I recently bought myself a Raspberry Pi B+ (picture semi-related). I had no initial plans on what I was going to with it, but I ended up installing Raspbian and setting up a PPTP VPN in my home’s DMZ (There are plenty of guides online if you are looking to do this). The reason I went with PPTP over IPSEC or L2TP is because PPTP is so easy to set up. It took about 15 minutes to get it up and running. Even though PPTP is no longer considered a “secure” VPN, I wanted to be able to have an encrypted connection anytime I was on a public WiFi.
Taking into account all of the flaws with PPTP, I needed a way to be notified anytime there was a new VPN connection to my server. I also wanted to get notified of the IP address that was connecting, and a location of where the connection was being established from. That’s when I came across the /etc/ppp/ip-up file. The ip-up file (and its twin, the ip-down file) execute a series of commands whenever a new VPN connection is established or removed. Since I only care about new connections, the ip-up file is where I will be making all of my changes.
When you first open the file, you will see several variables already declared.
I will be using some of these in my final script. The one variable that caught my attention was PPP_REMOTE. I first thought this would give me the remote IP address that made the connection, but instead it gives the remote IP address assigned to the new connection. The actual public IP address was being stored in the /var/log/messages file. Here is a snipped of what a new PPTP connection looks like from the /var/log/messages file:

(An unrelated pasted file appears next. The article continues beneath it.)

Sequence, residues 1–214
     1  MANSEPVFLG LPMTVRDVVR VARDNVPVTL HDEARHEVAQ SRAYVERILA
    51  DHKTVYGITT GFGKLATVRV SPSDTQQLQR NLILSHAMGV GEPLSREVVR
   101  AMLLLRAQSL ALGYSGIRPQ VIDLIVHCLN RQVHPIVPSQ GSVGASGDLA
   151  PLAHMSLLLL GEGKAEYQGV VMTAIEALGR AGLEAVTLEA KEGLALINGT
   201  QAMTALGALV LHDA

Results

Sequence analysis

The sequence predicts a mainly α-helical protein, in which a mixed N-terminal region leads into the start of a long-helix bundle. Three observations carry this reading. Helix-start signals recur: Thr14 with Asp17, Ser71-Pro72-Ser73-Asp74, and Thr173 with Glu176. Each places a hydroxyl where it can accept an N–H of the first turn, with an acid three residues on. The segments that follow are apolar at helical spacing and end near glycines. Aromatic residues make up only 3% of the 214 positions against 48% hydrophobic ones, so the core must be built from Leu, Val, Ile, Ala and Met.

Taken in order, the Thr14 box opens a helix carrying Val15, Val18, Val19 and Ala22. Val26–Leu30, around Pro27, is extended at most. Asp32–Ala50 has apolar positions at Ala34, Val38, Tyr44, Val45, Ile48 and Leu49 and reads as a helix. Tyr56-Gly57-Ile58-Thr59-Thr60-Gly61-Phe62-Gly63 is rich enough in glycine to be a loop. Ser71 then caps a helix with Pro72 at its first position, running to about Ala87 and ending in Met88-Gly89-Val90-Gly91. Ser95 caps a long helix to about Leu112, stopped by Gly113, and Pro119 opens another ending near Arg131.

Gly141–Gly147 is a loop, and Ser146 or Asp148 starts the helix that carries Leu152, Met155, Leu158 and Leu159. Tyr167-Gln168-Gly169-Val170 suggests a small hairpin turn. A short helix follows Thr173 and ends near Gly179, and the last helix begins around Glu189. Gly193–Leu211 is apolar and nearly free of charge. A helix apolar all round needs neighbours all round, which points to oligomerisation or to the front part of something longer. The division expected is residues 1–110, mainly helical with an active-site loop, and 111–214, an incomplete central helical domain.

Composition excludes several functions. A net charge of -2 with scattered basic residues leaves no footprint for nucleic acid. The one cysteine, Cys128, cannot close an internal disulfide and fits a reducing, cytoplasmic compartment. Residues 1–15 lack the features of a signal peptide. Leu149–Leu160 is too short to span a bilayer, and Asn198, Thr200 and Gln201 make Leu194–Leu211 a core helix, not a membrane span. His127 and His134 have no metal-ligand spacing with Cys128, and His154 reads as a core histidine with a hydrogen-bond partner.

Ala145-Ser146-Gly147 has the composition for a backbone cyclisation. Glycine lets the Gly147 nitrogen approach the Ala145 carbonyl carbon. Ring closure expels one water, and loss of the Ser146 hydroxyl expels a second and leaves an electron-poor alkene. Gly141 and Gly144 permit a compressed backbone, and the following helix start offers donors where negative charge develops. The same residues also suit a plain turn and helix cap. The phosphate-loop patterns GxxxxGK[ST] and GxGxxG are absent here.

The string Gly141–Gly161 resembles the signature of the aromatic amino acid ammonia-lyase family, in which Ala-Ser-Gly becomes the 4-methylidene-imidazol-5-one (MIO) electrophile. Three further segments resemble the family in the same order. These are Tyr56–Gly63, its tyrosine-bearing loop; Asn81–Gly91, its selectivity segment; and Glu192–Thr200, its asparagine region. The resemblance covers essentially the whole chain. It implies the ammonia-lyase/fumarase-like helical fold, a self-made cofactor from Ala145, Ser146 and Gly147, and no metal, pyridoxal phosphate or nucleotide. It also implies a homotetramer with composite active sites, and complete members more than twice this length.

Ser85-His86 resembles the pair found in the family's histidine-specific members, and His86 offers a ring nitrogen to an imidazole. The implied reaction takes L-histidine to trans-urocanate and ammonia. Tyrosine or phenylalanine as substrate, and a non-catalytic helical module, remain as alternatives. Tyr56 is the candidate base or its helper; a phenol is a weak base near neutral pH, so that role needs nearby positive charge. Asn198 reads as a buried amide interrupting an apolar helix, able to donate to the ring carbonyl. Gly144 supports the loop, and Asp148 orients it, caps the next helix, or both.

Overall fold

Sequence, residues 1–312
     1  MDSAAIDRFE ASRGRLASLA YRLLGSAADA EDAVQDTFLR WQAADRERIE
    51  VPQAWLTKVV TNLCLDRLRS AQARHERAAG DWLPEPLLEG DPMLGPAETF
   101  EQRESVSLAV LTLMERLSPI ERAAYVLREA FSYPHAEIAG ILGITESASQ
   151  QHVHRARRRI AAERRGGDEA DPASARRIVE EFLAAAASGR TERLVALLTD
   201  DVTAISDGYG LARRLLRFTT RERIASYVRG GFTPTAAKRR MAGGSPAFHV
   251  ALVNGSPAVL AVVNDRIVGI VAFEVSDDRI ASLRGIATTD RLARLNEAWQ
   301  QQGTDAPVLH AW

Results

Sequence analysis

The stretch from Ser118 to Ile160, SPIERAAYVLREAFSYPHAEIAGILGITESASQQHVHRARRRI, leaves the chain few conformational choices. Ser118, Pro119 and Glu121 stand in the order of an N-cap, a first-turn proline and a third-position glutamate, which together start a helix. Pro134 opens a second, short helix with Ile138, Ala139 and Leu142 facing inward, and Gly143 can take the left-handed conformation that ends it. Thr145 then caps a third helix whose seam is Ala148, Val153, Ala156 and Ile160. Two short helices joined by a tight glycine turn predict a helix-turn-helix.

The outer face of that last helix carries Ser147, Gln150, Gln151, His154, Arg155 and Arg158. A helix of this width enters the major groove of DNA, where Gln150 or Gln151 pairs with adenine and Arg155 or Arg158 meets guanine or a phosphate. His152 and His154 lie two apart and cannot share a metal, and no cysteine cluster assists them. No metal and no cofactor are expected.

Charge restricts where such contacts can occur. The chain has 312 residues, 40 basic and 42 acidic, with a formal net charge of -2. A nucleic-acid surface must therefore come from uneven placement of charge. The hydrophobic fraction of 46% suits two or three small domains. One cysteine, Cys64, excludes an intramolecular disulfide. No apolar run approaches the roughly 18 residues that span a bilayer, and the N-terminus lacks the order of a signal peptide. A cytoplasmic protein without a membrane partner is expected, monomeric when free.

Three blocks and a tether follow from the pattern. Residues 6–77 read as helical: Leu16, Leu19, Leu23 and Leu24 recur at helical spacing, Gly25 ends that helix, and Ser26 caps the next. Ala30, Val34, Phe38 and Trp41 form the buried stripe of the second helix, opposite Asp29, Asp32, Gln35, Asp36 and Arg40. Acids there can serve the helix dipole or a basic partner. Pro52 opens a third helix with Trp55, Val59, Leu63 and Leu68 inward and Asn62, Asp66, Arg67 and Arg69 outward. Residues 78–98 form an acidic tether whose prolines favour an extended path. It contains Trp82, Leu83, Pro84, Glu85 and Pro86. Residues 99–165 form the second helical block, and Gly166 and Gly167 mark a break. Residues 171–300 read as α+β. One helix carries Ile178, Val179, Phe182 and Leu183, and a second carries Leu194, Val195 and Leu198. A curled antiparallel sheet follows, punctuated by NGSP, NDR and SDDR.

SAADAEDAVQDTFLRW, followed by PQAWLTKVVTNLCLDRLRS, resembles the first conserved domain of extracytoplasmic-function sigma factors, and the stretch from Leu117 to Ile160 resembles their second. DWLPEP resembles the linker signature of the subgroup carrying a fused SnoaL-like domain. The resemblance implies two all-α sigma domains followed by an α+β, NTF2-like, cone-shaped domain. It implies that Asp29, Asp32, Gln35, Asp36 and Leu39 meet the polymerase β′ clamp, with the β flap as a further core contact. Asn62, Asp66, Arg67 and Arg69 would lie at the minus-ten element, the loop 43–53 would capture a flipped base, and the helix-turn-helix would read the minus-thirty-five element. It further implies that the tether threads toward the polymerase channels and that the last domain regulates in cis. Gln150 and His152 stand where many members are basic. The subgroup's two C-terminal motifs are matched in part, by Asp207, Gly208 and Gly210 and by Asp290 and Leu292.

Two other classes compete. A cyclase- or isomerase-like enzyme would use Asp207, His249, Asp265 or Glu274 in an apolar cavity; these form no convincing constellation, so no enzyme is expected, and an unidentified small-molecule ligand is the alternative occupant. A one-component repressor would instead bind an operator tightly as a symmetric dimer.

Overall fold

Since the public IP address comes after the words “peer from calling number”, The first line of my script parses though that file and pulls out just the IP address:
Now that I have the IP address stored in the variable ipaddress, I can run a cURL against the ipinfo.io API to pull back location information for that IP address. Here is what the return looks like for Google:
The rest of my script is just some formatting and a time/date stamp. Note that this whole script is located right in the ip-up file. You essentially could call an external script from the ip-up file, but putting your code inside it has the same effect. Here is my final script:
It simply builds out the email body in a /tmp/ppp.log file, then the last line sends me that file in an email. One thing to note is that I already have MailUtils installed on the server –which handles the actual emailing part.
Here is what the email notification looks like anytime the VPN server establishes a new connection:
Hope this helps! Let me know if you run into any problems in the comments.